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Bush, Looking to '88, Seeks His Own Image

September 12, 1985|JOHN BALZAR | Times Political Writer

SAN FRANCISCO — Hardly anyone has been more of a public cheerleader and deferential loyalist for Ronald Reagan during the last five years than Vice President George Bush. But now, as Bush looks ahead toward the challenge of his own likely presidential campaign, he is moving, as one aide explained, to "develop his own emphasis" and his own political presence.

The issue he hopes will accomplish this is international trade.

It is a subject, some Bush strategists believe, on which Reagan policies have not been sharply defined and on which Bush can etch his own image, a "natural marriage," as one aide called it, between current events and the vice president's foreign policy credentials as a former CIA director and U.S. emissary to China.

A major trade speech in San Francisco Wednesday before the business-oriented Commonwealth Club was a step by the Bush in this direction.

Bush warned that countries whose trading policies are "unfair" could jeopardize aid they receive from the United States. And, although he was across the nation from the trade meetings in Washington, Bush attracted national attention to himself, along with the President.

Bush's press secretary, Marlin Fitzwater, emphasized that Bush was not departing from presidential policies. At the same time, the press secretary added, Bush's efforts did not represent an agreement by the President and vice president to "divide up territory or anything like that."

"There are areas that the Reagan Administration (policy) hasn't closely defined but that are consistent with the Reagan program," explained Fitzwater, one of a couple of important presidential deputies who recently moved to the Bush camp.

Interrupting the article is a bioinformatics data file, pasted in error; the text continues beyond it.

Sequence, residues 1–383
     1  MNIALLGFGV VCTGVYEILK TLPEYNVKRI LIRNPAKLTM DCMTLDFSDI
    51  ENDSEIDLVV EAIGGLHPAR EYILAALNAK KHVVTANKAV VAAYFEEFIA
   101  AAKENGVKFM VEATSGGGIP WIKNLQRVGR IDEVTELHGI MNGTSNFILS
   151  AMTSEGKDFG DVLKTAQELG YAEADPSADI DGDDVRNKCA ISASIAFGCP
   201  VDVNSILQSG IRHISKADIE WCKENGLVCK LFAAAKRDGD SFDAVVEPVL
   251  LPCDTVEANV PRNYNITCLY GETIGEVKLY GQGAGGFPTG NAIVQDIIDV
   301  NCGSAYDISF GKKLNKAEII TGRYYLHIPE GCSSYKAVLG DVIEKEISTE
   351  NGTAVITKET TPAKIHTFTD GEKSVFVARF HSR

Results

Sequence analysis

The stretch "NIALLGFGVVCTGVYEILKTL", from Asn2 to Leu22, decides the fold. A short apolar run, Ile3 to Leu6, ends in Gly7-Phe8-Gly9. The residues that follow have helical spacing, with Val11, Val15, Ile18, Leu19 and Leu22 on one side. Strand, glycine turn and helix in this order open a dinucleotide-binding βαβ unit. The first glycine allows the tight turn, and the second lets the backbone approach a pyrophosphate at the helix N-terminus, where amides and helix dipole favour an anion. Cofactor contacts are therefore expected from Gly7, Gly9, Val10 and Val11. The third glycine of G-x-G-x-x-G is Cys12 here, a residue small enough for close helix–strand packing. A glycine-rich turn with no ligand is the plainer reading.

"The vice president is developing his own emphasis . . . in expanding exports, reducing the trade deficit and achieving a better alignment of (international) currencies."

Fitzwater, speaking in an interview, added, "This is a natural marriage of current economic conditions with his foreign policy strengths."

The new strategy is an acknowledgement that Bush's unswerving embrace of almost every element of Reagan doctrine has left the vice president without a discernable voice of his own on politics. From the start, this was by design. Bush set out to win Reagan's confidence and upgrade the office of vice president by playing the role of private adviser and public champion for Reagan.

Now, however, with other Republicans briskly moving into place for the 1988 campaign, Bush is joining in. And it's not just by what he is saying on trade.

When questioned in San Francisco, Bush insisted, "I believe the best politics is relatively no politics for me."

But, he quickly added: "I know what is beating in my breast. I guess most of the American people, including my wife, know what that is."

If words weren't enough, the symbols of Bush's four-day California swing were hard to misread. His schedule, among other things, had him making a walking tour of San Francisco's Chinatown on Wednesday and a visit Friday to Los Angeles' Olvera Street, the kind of places that almost never attract officeholders with visions of retirement beating in their breasts.

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